Mother of the Year #1

 {with my girl a couple of years ago--when we got fancy for our walk}

The way I see it, there are two parenting styles.  There are parents who are planners, organized, and on top of it.  Then there are my people... 


I had a distinct feeling in the pit of my stomach that I had missed something important when I dropped Priss off at school.  I smiled when I saw a little girl hop out of her car wearing a pretty twirl skirt, and told her how pretty she looked.  Then I started noticing a lot of kids had really dressed extra today.  This seemed weird on the day when Alexa laughed at us when we checked the weather.  Maybe it's because she overheard our proclamation that by finally putting up our fall decorations we would single-handedly be responsible for everyone waking up to a crisp, glorious morning?  With what can only be described as a snarky voice, she reminded us to wear fire proof pants because the forecast was yet again "the surface of the actual sun".  


As I passed a little boy wearing a velvet vest with a pocket square, I had a sinking, vague memory of seeing a sign...the kind that alluded to "picture day is coming some day in the future, no need to even bother your busy little head with it".  Whatever...I chose to high five myself for being the mother who caused the other negligent parents to feel better about themselves....Because I am pretty sure my little princess was wearing the shirt she slept in.  Because she spent all morning rolling around in bed whining about how unfair life is to expect her to wake up.  Honestly, I was just proud she had pants on when we flew out of the drive way with our unbrushed hair practically on fire--(probably because we live on the surface of the sun....)


I want to fake it, and say this is soooo an isolated incident, but this morning my rule-following man sits in traffic court because he realized yesterday that you have to pay the ticket BEFORE the little date on your citation, even if you just don't want to.  Fortunately, he was smart enough to send me hilarious 'how I feel about life right now' texts, right before he had to turn off his phone, because our judicial system wants you to think about what you did, so they put you in screen time out--length undetermined.  (It's kind of poetic justice, because we've been known to forget we put the kids in timeout.)  His last text went something like:  "they won't just let me pay it.  have to sit in court.  have to turn off my phone...."  then "oh wait!  I know a couple of people in here"  So maybe court isn't time out, maybe they are just reminding people to put down their phones and reconnect.  I bet they look through Facebook friends and coordinate court dates intentionally...Justice served Positive Polly style.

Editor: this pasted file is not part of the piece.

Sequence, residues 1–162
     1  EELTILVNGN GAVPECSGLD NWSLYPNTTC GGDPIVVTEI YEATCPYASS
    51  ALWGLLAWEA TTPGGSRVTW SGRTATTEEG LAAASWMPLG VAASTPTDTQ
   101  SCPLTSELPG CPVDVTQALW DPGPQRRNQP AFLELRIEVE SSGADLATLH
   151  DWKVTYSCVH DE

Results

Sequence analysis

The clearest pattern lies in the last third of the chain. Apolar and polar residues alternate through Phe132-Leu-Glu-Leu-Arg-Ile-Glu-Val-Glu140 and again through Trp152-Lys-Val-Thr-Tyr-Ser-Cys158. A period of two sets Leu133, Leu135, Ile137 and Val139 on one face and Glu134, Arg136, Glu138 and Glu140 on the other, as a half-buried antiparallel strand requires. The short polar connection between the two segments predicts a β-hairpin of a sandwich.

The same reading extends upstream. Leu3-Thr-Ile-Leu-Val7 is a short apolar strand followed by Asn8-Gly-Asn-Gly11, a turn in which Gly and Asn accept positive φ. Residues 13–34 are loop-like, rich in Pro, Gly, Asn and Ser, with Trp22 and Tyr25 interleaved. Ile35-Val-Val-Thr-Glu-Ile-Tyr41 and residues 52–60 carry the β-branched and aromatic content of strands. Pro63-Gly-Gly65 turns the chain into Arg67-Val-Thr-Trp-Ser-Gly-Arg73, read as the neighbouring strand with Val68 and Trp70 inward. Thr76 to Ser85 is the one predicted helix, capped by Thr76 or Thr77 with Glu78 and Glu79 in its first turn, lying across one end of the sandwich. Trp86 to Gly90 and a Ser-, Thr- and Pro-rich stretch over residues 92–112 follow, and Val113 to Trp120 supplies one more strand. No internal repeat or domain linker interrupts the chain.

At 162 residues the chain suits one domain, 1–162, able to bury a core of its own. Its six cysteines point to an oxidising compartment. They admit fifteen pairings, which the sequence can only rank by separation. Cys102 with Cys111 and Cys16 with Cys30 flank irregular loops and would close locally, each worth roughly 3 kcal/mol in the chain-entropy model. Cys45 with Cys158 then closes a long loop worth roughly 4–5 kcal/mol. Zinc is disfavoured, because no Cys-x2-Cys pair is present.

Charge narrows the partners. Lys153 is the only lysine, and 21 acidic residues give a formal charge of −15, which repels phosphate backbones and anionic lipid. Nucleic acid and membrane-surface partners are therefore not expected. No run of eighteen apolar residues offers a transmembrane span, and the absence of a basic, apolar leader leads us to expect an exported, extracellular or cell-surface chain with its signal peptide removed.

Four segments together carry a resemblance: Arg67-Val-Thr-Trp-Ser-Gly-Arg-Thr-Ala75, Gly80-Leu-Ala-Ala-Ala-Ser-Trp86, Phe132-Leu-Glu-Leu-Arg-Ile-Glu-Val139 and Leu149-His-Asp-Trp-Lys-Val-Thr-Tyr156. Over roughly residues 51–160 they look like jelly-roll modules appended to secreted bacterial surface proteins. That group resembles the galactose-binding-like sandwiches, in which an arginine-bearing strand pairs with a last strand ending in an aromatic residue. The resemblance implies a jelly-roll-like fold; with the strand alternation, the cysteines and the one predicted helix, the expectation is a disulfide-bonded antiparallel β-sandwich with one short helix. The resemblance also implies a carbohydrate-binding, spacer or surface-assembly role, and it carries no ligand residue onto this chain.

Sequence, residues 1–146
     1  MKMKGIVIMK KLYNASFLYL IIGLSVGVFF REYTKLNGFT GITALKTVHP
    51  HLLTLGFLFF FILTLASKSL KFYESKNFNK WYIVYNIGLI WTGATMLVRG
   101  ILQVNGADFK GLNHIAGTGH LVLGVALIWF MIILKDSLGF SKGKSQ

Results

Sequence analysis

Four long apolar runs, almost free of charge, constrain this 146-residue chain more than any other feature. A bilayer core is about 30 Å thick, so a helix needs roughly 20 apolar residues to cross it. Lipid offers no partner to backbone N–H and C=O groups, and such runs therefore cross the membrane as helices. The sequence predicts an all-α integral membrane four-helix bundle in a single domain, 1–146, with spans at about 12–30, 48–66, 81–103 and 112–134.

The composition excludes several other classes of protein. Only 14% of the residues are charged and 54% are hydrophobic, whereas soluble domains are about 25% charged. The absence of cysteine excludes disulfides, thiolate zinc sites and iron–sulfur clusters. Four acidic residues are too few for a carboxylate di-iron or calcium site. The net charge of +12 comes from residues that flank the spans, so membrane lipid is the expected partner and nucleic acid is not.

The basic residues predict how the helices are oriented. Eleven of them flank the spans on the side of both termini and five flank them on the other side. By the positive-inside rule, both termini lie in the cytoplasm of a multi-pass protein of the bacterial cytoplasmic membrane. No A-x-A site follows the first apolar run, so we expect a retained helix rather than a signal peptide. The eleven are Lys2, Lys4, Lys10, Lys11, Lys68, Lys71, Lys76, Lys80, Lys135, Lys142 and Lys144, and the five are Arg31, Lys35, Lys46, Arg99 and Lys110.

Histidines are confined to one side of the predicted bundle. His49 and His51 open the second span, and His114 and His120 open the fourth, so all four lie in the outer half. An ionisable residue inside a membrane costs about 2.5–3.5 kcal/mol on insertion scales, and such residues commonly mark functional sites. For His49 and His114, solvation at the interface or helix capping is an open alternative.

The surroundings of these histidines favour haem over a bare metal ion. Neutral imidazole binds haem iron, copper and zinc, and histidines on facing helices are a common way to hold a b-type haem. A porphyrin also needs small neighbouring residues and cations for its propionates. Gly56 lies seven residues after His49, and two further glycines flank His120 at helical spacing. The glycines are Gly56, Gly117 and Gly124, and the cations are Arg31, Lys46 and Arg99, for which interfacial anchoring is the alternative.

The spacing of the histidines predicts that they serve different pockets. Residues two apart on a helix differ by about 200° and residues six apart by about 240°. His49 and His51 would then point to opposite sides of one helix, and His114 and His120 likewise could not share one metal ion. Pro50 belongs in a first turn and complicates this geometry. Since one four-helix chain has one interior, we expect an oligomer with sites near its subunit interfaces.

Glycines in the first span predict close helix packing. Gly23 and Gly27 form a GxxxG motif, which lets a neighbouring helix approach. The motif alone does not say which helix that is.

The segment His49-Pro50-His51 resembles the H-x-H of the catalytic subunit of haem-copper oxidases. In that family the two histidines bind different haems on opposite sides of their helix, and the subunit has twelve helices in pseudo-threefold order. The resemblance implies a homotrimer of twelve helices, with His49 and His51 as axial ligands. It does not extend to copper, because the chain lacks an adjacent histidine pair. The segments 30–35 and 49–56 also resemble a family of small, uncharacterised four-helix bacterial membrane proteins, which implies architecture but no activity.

A couple of years ago I did a bible study that taught the importance of creating margin in your life.  I wish I had really learned to practice that truth.  I laugh at our life, make it funny, but I do wonder sometimes what it costs us to pack so many things into our day.  There are a lot of days I hear myself yelling at one of my people to hurry up, and it hits me that I don't love the consequences of extreme chaos.  There are other days that I have said yes to a million relationship things and fun things, and I'm not one bit sad about it.  I think we all need varied amounts of down time and margin for the unexpected.  I think it's ok to say yes to more than you meant to, but it's also ok to say no when you realize it has stopped being wise to expect your people to just keep going. 


For me, I'll be late to a breakfast date with friends this morning.  I"ll swing by school and run a hairbrush through pretty golden hair and let her put on a clean shirt.  I'll spend quality time with amazing friends and buy a boujee breakfast before I find out that Brad spent all our money in speeding court.  I'll come home and finish decorating for fall, cook a big meal, take the kids to guitar and ballet, then I'll welcome new people into our house for small group.  I will be so thankful young adults still show up every week so Brad and I can love on them, teach them about Jesus, disciple them.  Because no matter how tired we get, we have decided that it's always worth it to say yes to relationships and quality time.  Tomorrow, I'll wake up with just as much belief and expectation as I did this morning that Alexa will tell me the new day will be crisp and glorious. I choose joy.  I choose people.  I choose life lived to it's fullest.  I choose to laugh at stupid mistakes.  I choose to not get my panties in a wad if I have to be late.  I choose to look for the good, look for purpose, look for moments. 


How do you know it's time to slow down?  How do you choose what to say no to?  What have you decided is worth it, even when you know you'll be exhausted?

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